Boko Haram Claims Abduction of Some 500 Schoolchildren

Last Friday, on December 11th, some 500 Nigerian schoolboys were abducted from Katsina state’s Government Science Secondary School in Kankara by a group of 100 or so armed individuals on motorbikes. While some of the boys were able to escape during the kidnapping, as of the 15th, at least 333 students are still missing or unaccounted for.

Now, Abubakar Shekau, leader of Boko Haram, has been recorded in a voice memo claiming that Boko Haram is responsible for the kidnapping. Though it is a bit surprising that the militant group engaged in a mass abduction in a location far from their headquarters, coordinated kidnappings are a common tactic of the group. The new hashtag flooding social media, #BringBackOurBoys, is an all-too-familiar reminder of the #BringBackOurGirls hashtag in 2014 in response to a Boko Haram kidnapping of 276 Christian schoolgirls in Chibok.

In the 2014 kidnapping, members of Boko Haram conducted a midnight raid on the Government Girls Secondary School in Chibok, Borno State, abducting hundreds of predominantly Christian students and shuffling them away to huge trucks. Those that were Christian were forced into renouncing their faith, converting to Islam, and marrying their captors. Some were transported to far-away Chad and Cameroon, others remained at Boko Haram bases. Though throughout the past few years, groups of a few tens of these kidnapped girls have either been released or successfully escaped, the majority remain in captivity, some with children.

Four years later, in February 2018, Boko Haram abducted 110 schoolgirls from the Government Girls’ Science and Technical College located in Dapchi, Yobi State. Some of the girls were able to lay low and escape during the kidnapping, though five died during the event. By March of the same year, each and every abducted girl was released, with the exception of one Christian girl, Leah Sharibu, who continues to remain in Boko Haram captivity as she has repeatedly refused to convert to Islam.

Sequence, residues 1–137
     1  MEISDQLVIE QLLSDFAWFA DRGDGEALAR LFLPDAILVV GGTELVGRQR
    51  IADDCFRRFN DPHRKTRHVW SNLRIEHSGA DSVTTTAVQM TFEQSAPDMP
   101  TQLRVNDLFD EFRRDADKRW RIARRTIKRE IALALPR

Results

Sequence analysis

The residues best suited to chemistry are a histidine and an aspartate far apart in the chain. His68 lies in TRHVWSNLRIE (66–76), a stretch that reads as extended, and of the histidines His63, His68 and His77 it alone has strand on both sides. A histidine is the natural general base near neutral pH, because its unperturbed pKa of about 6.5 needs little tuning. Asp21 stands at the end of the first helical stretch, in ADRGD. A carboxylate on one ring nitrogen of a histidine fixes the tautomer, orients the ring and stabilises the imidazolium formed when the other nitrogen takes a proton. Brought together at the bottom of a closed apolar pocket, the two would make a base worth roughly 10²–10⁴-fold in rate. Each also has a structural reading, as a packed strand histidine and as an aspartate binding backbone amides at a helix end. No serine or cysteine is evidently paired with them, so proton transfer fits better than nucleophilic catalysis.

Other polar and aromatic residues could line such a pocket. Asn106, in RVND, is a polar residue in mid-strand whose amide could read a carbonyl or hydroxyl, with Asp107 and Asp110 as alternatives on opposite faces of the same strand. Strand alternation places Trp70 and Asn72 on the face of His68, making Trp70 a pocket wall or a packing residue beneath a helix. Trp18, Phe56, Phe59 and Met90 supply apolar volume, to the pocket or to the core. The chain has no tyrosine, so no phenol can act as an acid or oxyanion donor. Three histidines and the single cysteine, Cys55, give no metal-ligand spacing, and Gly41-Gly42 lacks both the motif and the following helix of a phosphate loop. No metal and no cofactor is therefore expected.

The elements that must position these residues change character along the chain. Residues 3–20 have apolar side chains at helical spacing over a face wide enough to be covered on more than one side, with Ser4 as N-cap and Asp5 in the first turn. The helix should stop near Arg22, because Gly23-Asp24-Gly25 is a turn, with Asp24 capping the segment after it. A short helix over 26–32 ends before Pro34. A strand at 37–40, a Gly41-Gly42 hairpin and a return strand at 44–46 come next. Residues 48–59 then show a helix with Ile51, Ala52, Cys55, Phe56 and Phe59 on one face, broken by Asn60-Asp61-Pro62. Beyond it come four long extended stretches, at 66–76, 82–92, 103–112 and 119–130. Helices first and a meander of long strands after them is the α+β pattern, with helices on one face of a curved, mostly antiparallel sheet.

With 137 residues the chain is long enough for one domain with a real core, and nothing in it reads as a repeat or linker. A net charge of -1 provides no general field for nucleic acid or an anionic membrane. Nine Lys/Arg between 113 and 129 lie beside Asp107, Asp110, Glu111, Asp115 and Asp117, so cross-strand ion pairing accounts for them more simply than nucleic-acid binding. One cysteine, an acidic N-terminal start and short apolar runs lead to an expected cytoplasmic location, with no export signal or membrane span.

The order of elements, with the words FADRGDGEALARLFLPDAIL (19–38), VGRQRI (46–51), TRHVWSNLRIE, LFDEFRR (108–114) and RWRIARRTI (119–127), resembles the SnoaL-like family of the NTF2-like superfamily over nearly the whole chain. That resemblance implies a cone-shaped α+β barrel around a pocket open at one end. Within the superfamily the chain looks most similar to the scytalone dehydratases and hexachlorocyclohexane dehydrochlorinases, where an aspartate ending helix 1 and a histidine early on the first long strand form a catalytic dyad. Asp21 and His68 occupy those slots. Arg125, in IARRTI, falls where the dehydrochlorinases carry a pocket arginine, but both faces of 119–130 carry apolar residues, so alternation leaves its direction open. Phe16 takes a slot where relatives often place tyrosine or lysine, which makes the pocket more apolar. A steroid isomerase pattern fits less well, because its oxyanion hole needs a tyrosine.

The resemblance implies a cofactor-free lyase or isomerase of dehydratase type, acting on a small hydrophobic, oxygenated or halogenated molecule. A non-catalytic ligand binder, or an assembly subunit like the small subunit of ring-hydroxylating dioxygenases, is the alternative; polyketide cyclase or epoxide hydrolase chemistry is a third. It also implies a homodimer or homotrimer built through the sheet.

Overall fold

Now, in 2020, the most recent abduction has caused even greater fear; never before has Boko Haram terrorist activity expanded beyond the northeastern area of the nation, and this December 11 incident marks its first attack in the northwest. Fears are only heightened after a propaganda video earlier in the year showed Boko Haram members in northwestern Nigeria pledging their devotion to Abubakar Shekau.

There are a few speculations as to why this group of schoolboys became targets for the militant group. Boko Haram has a history of attacking schools in defiance of their ‘Western’ or Christian education, which doesn’t adhere to Islamic requirements. However, some have suggested that the abduction marks the group’s intention to force the children to join the militant group and expand its operations.

In response to the kidnapping and Boko Haram’s subsequent claiming, Director of Amnesty International Nigeria, Osai Ojigho, stated the following:

“We condemn this appalling attack, which is the latest in a string of grave human rights abuses by Boko Haram. Since 2012 hundreds of teachers, schoolchildren and students have been killed or wounded by Boko Haram, and thousands of children have been abducted. Attacks on schools and abductions of children are war crimes. Boko Haram has claimed responsibility for several attacks on schools in the past and must be brought to justice for these and other human rights abuses.”

“Education is under attack in northern Nigeria. Schools should be places of safety, and no child should have to choose between their education and their life. Other children have had to abandon their education after being displaced by frequent violent attacks on their communities, and many teachers have been forced to flee to other states. The Nigerian authorities must act immediately to prevent attacks on schools, to protect children’s lives and their right to education.”

“The attack on Government Science Secondary School Kankara is a serious violation of international humanitarian law, and it undermines the right to education for thousands of children in northern Nigeria. The abduction of students and the destruction of school property by Boko Haram can severely reduce the availability of and access to education for many children in northern Nigeria where violent attacks are escalating.”

Cover image by EU Civil Protection and Humanitarian Aid via Flickr license (CC BY-NC-ND 2.0)